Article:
WA builders warn of skills shortage during apprenticeship drought
CONSTRUCTION groups are worried about a skills shortage in WA with apprenticeship intakes dropping dramatically in the past three years.
The number of people in full-time work is growing but there are concerns the State might not be able to fill demand for labour as the economy improves.
Department of Training Workforce and Development figures reveal apprenticeship intakes in parts of the construction industry have dropped by almost 90 per cent since 2015.
Bricklaying apprenticeships dropped from 500 in the 12 months to March 31, 2015 to just 58 in the same period this year — an 88 per cent slide.
Australian Brick and Blocklaying Training Foundation WA manager Dean Pearson said many employers were not taking on apprentices because of economic uncertainty, but when construction activity picked up WA might not have the trained people to take on the work.
“Our main challenge in these lean times is finding employers who can take on apprentices,” he said. “Since 2015-16 things have cooled off, but long term we still need to train bricklayers. People training now will be well positioned later.”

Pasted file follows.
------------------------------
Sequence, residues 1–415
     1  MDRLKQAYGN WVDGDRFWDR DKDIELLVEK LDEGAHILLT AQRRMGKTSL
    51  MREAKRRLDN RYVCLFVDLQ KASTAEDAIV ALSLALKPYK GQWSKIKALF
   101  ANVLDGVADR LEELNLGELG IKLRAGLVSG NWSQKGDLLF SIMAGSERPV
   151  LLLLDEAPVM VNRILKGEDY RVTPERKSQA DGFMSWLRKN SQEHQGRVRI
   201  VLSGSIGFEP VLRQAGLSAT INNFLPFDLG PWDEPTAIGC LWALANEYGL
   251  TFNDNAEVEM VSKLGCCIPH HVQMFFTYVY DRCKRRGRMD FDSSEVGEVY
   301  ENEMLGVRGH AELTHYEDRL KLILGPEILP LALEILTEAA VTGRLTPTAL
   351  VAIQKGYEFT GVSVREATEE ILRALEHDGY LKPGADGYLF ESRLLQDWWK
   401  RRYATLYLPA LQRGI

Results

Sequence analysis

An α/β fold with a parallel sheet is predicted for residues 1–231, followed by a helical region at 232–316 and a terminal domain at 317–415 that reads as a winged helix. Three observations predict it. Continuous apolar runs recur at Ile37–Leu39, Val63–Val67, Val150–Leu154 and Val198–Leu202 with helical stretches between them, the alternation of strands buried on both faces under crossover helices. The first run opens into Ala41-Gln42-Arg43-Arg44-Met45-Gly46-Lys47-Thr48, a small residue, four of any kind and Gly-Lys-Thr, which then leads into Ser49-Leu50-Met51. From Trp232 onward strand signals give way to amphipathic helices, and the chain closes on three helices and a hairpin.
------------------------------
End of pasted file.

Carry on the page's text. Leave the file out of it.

The number of West Australians starting apprenticeships in the building and construction industry has almost halved from 2330 three years ago to 1274 last year. In carpentry and joinery, numbers starting qualifications dropped from 735 in 2015 to 463 in 2017.
Ben Oliver, who runs Perth Carpentry and Maintenance, made the rare move of taking on two apprentices this year.
Aware he was bucking the trend, Mr Oliver said the young workers were a key part of his business.
“Every time I take them on they are surprised, they all say they have been struggling to get someone to take them on,” he said. “I think they (apprentices) are brilliant. They are cheap and they are willing to learn, they work hard.”
Charles Williams, 19, started his carpentry apprenticeship yesterday with Mr Oliver and said he was grateful to be employed.
“I called about 20 companies and Ben was the only one to pick up and say he wanted to meet me,” he said. “It is very hard to find apprenticeships. A lot of my friends are struggling to keep their apprenticeships. They have to shuffle around different companies to get the work.”
Reserve Bank governor Philip Lowe spoke about the lack of training provided by businesses trying to cut costs in a speech on productivity, wages and prosperity last week in Melbourne.
Dr Lowe said while there was still spare capacity in the labour market, industries were finding it increasingly difficult to find suitable workers.
“One explanation for why firms are reporting that it is hard to find workers with the necessary skills is that the very high focus on cost control over recent times has led to reduced work-related training,” he said.
Electrician apprentice commencements in WA dropped from 1494 in 2015 to 1156 last year and industry experts say they are continuing to decline.